The Slog Continues

By now you’ve read a dozen articles ripping into the Friday’s jobs data. The big bone of contention of course was the extent to which the decline in the headline rate dropped to 8.6% due to a large contraction in the labor force. Whether you call it new normal or something else this is the middling, sluggish US economy continuing to unfold. A few years ago there was a mix of complacency that the then credit crunch wouldn’t be that big of a deal which then gave way to serious fear, maybe even terror, that this was the end times in terms of the social fabric of the society. Sluggish and/or middling has been my base case the whole time for several reasons and I expect that will continue. Obviously I am biased to seeing my thesis as playing out over the last few years and continuing to play out. If this turns out to be the case that does not mean some equities won’t still do well. If there is an economic condition where GDP growth is sluggish or perpetually teetering into a recession we know that certain defensive stocks tend to do well; usually staples, healthcare, utilities and ma bell telecom (with those last two be careful when interest rates are going up). Year to date the S&P 500 is down a little over 1% while long time client holding Philip Morris International (PM) is up about 30%. Going a little broader the Staples Sector SPDR (XLP) is up a little over 8% which combined with XLP’s yield is close to an 11% return–pretty good for soda...

The Slog Continues

By now you’ve read a dozen articles ripping into the Friday’s jobs data. The big bone of contention of course was the extent to which the decline in the headline rate dropped to 8.6% due to a large contraction in the labor force. Whether you call it new normal or something else this is the middling, sluggish US economy continuing to unfold. A few years ago there was a mix of complacency that the then credit crunch wouldn’t be that big of a deal which then gave way to serious fear, maybe even terror, that this was the end times in terms of the social fabric of the society. Sluggish and/or middling has been my base case the whole time for several reasons and I expect that will continue. Obviously I am biased to seeing my thesis as playing out over the last few years and continuing to play out. If this turns out to be the case that does not mean some equities won’t still do well. If there is an economic condition where GDP growth is sluggish or perpetually teetering into a recession we know that certain defensive stocks tend to do well; usually staples, healthcare, utilities and ma bell telecom (with those last two be careful when interest rates are going up). Year to date the S&P 500 is down a little over 1% while long time client holding Philip Morris International (PM) is up about 30%. Going a little broader the Staples Sector SPDR (XLP) is up a little over 8% which combined with XLP’s yield is close to an 11% return–pretty good for soda...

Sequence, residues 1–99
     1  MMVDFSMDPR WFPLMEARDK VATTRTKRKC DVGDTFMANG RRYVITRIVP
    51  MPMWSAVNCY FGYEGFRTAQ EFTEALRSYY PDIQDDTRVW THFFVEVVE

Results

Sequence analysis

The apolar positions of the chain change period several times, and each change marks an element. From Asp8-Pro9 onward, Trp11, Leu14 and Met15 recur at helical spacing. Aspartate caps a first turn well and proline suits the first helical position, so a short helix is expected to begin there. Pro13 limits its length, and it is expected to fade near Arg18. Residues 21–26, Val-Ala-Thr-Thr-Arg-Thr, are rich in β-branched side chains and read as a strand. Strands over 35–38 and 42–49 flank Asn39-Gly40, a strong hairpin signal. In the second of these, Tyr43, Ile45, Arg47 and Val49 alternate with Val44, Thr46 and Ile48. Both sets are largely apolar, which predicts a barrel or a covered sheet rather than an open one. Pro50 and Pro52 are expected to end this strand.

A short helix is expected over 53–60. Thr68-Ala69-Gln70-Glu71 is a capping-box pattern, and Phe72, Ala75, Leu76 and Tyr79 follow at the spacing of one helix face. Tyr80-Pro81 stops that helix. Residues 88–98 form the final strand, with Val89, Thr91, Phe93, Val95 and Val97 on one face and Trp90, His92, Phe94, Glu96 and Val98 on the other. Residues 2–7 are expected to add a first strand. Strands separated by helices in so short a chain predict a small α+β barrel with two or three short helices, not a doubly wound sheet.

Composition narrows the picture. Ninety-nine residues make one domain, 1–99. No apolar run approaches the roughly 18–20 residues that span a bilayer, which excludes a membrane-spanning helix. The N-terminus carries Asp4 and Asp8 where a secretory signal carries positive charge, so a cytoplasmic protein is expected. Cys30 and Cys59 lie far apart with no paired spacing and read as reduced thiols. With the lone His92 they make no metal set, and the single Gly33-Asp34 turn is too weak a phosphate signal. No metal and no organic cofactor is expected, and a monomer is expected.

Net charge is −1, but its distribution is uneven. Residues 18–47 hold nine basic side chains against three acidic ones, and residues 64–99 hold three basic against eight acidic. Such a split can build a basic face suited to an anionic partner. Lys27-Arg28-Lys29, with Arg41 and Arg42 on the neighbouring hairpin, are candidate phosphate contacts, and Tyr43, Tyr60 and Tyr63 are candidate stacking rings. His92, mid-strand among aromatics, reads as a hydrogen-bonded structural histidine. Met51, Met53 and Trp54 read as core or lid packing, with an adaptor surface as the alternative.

The World According To Rosie

ZeroHedge posted the following list from David Rosenberg of things that people are not talking about but should be (at least this is how ZH interprets the list): 1) Hedge funds have not piled into the equity market to play catch-up. 2) The Super Committee did not come to a compromise (and remember Moody’s has the U.S. debt rating on “credit watch” and Standard & Poor’s still with a “negative outlook”.., shades of August). 3) The Europeans have not managed to resolve let alone contain their credit crisis. 4) Germany has not acquiesced and agreed to having poor sovereign credits ride off its AAA rating via a “Eurobond”. 5) The ECB has not moved towards QE. Nor will it — have a look at today’s WSJ editorial on the matter. Brilliant. 6) Mr. Market saw through the Q3 earnings season and recognized the lack of visibility in the guidance provided. 7) China did not start to ease policy just because inflation rolled off the 6%-plus peak. 8) U.S. recession risks, as per the San Francisco Fed, did not recede and actually stayed above 50% even with the better statistical tone to Q3 and Q4 GDP. We’ve all heard point number one many times, often referred to as window dressing, but this is something that I have never understood how it can be pulled off. To take an extreme example, if a portfolio reports owning nothing but names that are up 20% but the actual portfolio is only up 2% then wouldn’t all credibility be lost? The apparent failure of the super committee should surprise no one. Washington has become...

The World According To Rosie